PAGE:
With her recent autobiographical account in Out of Hiding: A Holocaust’s Survivor’s Journey to America, Ruth Gruener (aka Luncia Gamzer) tells her story of survival. Her memoir joins those stories told by other survivors of this unimaginable time in history. This was a time when anxiety turned to cold, raw fear as the Nazis burned synagogues and committed murder without regard for the sanctity of human life—a time when choice was taken, freedom was scarce, and normal took on an entirely different definition. Gruener tells of her feeling like a nonperson, “a body that took up space” (27). She describes hunger, loneliness, hiding, and aRead More →

With Cinders & Sparrows, Stefan Bachmann has written a gothic novel for middle grade readers. Given the genre, his book incorporates ghosts, spirits, hauntings, misty woods, gloomy environs, enchanted chambers and staircases, talking trees and a marble bust who claims to be a prince. The novel’s plot revolves around twelve-year-old Zita Brydgeborn and her discovery that she is not an orphan after all but a member of the Brydgeborn family of witches and the heiress to Blackbird Castle. With Mrs. Cantanker as her teacher, Zita receives all sorts of training—some of it oddly questionable. Still, according to Mrs. Cantanker, “A true Blackbird is graced withRead More →

Although Cynthia Voigt’s newest book, Little Bird, has a target audience of middle-grade readers, with its anthropomorphism, it joins beast fables like Monkey Wars by Richard Kurti and Watership Down by Richard Adams, adding its own brand of commentary on human societies and behaviors. The title character, Little Bird belongs to a small flock of crows who forage, guard against danger, and live out their short lives near Old Davis Farm. However, Little Bird doesn’t have the sharp-beaked, sharp-clawed, and sharp-spoken way of other crows. She discovers additional differences between herself and other crows, when the flock loses a good luck charm called Our Luck,Read More →

A Thousand Questions by Saadia Faruqi is a story that captures the ideas of belonging and imagination and poverty and richness, with a focus on economic disparity  With her novel, Faruqi also pays homage to Karachi, a city of her own childhood, as she attempts to help readers better understand Pakistan. To fulfill this objective, Faruqi creates eleven-year-old Mimi, whose father, Tom Scotts, is a journalist who travels a lot for his job. Her mother, Samia, is an art teacher and painter.  Because the couple has grown apart and decide to separate, Mimi, who is about to enter sixth grade in Houston, feels abandoned andRead More →

Believing that humor is often more honest than being serious and that laughter contributes to resilience, author John Cusick writes books laden with laughter and bordering on the absurd. When Lola Ray and Phineas Fogg find themselves in a precarious situation where the fate of the universe is at stake, Phin must keep Lola from falling into the hands of the evil Goro Bolus and the Temporal Transit Authority who will turn her over to the Phan. The young duo must both get out of New Jersey, off the planet, and as far away from Earth’s solar system as they can. In their attempt atRead More →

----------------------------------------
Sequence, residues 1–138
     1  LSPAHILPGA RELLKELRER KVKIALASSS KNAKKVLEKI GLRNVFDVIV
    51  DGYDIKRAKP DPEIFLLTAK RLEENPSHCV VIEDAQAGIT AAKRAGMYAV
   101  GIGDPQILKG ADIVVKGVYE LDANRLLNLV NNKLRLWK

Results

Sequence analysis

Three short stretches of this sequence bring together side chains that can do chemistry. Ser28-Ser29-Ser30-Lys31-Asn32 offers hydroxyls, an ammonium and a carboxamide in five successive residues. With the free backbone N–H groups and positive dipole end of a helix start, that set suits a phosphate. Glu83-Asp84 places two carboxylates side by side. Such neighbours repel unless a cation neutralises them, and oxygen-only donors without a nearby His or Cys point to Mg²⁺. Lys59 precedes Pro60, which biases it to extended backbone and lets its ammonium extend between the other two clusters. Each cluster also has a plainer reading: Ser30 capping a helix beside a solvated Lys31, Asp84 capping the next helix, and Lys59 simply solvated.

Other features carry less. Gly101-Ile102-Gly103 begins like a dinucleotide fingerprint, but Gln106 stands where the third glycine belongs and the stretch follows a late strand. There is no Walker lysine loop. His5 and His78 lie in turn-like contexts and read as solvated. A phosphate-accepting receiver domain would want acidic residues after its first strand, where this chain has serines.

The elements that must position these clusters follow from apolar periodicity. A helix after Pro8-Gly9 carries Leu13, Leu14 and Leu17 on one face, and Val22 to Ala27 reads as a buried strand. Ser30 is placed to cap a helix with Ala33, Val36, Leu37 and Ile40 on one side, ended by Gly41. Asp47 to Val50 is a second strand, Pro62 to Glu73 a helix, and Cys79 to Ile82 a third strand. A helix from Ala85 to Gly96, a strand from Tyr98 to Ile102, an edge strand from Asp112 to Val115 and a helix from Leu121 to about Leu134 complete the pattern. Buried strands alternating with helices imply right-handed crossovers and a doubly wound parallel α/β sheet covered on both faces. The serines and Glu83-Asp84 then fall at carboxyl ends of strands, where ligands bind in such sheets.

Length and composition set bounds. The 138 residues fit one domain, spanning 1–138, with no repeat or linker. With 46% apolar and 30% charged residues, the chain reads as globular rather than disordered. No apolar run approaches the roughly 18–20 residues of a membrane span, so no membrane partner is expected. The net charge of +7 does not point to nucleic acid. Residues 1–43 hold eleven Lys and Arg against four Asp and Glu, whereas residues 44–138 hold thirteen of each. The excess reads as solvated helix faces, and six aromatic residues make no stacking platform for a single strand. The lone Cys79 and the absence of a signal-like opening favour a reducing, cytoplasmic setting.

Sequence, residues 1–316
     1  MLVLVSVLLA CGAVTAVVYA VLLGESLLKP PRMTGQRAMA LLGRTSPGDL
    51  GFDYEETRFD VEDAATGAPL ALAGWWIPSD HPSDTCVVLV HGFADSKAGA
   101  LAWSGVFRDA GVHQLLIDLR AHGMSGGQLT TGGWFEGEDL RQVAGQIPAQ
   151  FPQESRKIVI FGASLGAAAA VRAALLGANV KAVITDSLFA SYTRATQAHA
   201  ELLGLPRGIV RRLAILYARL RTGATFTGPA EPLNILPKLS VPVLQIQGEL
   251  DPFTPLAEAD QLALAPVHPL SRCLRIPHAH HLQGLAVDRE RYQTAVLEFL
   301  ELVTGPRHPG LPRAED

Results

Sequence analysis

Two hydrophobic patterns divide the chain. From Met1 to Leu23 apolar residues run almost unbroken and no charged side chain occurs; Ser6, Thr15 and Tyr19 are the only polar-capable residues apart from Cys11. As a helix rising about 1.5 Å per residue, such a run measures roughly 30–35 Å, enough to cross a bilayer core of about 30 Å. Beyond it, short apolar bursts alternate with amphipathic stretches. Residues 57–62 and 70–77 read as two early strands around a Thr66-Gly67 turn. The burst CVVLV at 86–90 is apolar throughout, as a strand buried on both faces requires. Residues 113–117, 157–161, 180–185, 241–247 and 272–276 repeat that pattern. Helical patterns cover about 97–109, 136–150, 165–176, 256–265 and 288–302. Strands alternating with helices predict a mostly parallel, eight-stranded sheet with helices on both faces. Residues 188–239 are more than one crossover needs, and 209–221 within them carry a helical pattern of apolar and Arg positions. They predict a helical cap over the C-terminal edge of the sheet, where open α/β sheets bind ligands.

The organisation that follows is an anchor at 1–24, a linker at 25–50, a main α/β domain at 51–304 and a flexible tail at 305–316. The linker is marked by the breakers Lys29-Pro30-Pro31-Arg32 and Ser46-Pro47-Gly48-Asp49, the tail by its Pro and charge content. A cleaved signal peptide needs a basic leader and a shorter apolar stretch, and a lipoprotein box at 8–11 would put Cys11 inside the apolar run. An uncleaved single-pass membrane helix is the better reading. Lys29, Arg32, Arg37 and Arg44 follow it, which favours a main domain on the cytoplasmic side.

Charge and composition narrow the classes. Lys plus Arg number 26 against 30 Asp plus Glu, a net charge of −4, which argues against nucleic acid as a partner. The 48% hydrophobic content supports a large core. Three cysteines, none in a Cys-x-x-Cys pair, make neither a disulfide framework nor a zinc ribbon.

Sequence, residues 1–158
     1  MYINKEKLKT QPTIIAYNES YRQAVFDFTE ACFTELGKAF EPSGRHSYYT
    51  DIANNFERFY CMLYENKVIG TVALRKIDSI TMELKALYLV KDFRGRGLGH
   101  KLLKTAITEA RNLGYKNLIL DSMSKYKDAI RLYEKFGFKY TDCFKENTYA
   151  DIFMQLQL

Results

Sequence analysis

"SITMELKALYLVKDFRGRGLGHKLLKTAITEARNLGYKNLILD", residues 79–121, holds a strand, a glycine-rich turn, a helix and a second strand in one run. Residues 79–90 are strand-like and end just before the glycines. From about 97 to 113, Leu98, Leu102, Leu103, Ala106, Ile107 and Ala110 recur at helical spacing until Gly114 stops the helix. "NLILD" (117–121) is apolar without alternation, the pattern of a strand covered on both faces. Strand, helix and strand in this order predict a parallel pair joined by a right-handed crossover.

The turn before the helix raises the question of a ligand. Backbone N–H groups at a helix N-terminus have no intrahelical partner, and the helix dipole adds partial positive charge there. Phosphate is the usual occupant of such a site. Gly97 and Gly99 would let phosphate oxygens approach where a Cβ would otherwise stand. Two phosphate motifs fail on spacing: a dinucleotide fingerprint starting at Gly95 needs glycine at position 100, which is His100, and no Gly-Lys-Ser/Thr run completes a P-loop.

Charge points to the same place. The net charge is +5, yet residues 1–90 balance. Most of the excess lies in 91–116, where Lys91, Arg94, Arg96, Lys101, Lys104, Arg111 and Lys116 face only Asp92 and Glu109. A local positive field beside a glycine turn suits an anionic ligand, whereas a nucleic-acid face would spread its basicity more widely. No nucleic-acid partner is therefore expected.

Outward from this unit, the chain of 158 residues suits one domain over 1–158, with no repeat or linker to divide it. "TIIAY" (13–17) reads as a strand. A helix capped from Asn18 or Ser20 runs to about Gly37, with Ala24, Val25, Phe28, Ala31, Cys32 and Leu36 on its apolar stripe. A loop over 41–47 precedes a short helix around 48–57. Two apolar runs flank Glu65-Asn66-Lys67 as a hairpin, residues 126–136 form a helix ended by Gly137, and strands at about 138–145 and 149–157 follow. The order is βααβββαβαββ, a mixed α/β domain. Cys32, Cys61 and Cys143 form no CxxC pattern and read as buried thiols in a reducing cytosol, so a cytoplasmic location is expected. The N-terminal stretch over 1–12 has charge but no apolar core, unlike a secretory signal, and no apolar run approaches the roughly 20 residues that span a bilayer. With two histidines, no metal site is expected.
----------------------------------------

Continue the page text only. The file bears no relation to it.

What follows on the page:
Through her newest middle grade novel, One Time, Sharon Creech reminds us all how our lives can be forever impacted by a highly effective teacher. She also reminds readers of the power of writing, while inspiring the imagination with two explicitly asked questions: 1) Who are you? and 2) Who could you become? Miss Lightstone poses these questions to her class. Because they are ingrained by “doing school” a certain way, the class initially resists. However, with intentional lessons, well-executed pedagogical moves, careful chosen words, and key dispositions on Miss Lightstone’s part, soon they are experimenting, engaging, and performing without grades in what feels likeRead More →

Set in Chattanooga, Tennessee, Hide and Seeker by Daka Hermon is a horror story. Along with the Fantastic Four, readers will drown in a sea of scary. If you don’t believe monsters are real, wait until you experience the creepy encounters of Hermon’s characters! Since his mother died, Justin Vaughn believes that everybody leaves, nothing stays the same, and nothing fits anymore. One of his best friends, Zee Murphy is back after a long absence, but he has been changed by the trauma of his experience while lost. Now, along with two other friends—Lyric Rivers, who is loyal and believes that friends help and don’tRead More →

Three Keys

Try as I might, I was unable to limit my review of Three Keys by Kelly Yang to three keys to its greatness.  I started with It’s about a goat named Scape and the issue of immigration and how it’s easy to blame those in a weak spot; It proves that although most people don’t change, some people do; and It shares how small interactions have the power to change minds and to make a big impact for those vulnerable to exploitation, abuses, misinformation, and hopelessness. But I realized I couldn’t stop with that short list.  Yang’s book goes beyond any simple storyline to capture someRead More →

Wrecked by her parents’ divorce and then her brother’s disappearance three years ago, Andrea Murphy’s life has grown awful. The empty seat at the table, her unrelenting guilt that her brother’s disappearance is somehow her fault, and his ghost in the boxes stacked in the garage all haunt her. “I’m fine” is the lie she tells to hide the cracks and holes in her heart. As a reminder of his memory, she carries a missing piece of her brother in her pocket. When the pain grows too intense to bear, she rides her bike far and fast, letting the breeze whip through her hair whileRead More →